There has been a great deal of research over many years into the cryptography found in connection with the works of Shakespeare, disclosing Francis Bacon’s name and the possible whereabouts of his grave which might contain valuable manuscripts.
Although the various methods employed have been considered by some to be legitimate, they have suffered greatly from the critique of Colonel William Friedman an American professional Cryptologist who published in 1957 The Shakespearean Ciphers Examined, in which he declared that there were fatal flaws in the methods employed at that time, and in whose opinion, none of the cryptograms found constituted ‘cast-iron’ proof.
Walter Conrad Arensberg, a scholar and patron of the arts to whom Colonel Friedman devoted a whole chapter in his book, firstly discovered in Dante’s writings a system called ‘the compound anagrammatic acrostic’ and in 1922, after applying this method to Shakespeare’s works he published The Cryptography of Shakespeare in which he wrote: ‘The numerical key-cipher employed by Francis Bacon and by members of the Rosicrucian Fraternity is a method of representing a text by a number which is represented by another text’ judged by Friedman to be a ‘sound statement’ and indeed, ‘the only comprehensive one in the book!’ However, Arensberg never returned to this earlier ‘value for unit’ method although later publishing other booklets, and after handing over his art collection to the Philadelphia Museum of Art in 1950, he died in 1954, so was unable to address personally the several objections to his work which nevertheless were later raised in Friedman’s book.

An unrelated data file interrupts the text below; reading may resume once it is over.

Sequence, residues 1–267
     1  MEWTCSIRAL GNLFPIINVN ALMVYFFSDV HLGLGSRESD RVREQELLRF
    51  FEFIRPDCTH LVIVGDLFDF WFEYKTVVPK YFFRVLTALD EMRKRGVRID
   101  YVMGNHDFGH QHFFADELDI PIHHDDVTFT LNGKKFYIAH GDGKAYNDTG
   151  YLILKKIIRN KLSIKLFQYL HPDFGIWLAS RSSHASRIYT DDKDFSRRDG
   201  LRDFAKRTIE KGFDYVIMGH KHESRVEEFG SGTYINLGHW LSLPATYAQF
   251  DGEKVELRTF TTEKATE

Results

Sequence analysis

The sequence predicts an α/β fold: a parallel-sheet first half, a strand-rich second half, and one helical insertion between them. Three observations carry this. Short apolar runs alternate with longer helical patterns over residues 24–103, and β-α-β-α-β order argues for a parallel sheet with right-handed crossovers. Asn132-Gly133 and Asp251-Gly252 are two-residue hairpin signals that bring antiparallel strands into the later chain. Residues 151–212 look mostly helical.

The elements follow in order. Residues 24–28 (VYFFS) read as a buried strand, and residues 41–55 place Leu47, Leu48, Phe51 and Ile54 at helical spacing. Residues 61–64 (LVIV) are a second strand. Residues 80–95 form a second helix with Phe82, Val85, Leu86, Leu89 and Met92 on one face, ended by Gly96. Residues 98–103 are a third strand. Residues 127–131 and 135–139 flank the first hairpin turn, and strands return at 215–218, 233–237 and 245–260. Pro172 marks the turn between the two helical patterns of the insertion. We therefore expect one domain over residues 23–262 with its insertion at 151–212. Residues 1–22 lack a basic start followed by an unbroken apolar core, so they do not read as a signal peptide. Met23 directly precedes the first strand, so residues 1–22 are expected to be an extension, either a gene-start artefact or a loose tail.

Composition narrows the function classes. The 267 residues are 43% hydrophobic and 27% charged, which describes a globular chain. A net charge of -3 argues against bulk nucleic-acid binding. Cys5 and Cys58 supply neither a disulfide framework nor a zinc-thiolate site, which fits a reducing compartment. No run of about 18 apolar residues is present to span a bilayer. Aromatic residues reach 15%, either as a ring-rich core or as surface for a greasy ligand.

Walter Arensberg had in fact enlisted new devices in his ‘anagrammatic acrostic system’, including ‘The Magic Ring’ which is the general name he gave to the process of extracting messages in turn from The First Folio of Shakespeare and The Advancement of Learning by Bacon. He himself appeared dissatisfied with his method, and in the absence of any key or keys to be used, according to Friedman: ‘there is bound to be justifiable scepticism in the eyes of any unbiased observer’.
THE BURIAL OF FRANCIS BACON. There are several identifiable symbols referred to by Arensberg, including Aeneas as expressed by Virgil the poet, ‘The Golden Bough’ and ‘The Ring of Francis Bacon’ for example, which he interpreted as pointing to the whereabouts of the grave he had found encoded within the play Cymbeline, having certain ‘value for unit’ correspondences.
KEY-VALUES. Replacing ‘value for units’ with a new Auxiliary Key = 137, the 33rd Prime Number hence the 33rd. degree and 33 being the numerical count of the name: B A C O N, – a fresh interpretation of the meaning of these Ciphers when taken together with several others so revealed now begin to ‘speak for themselves.’
Peter Welsford, 2004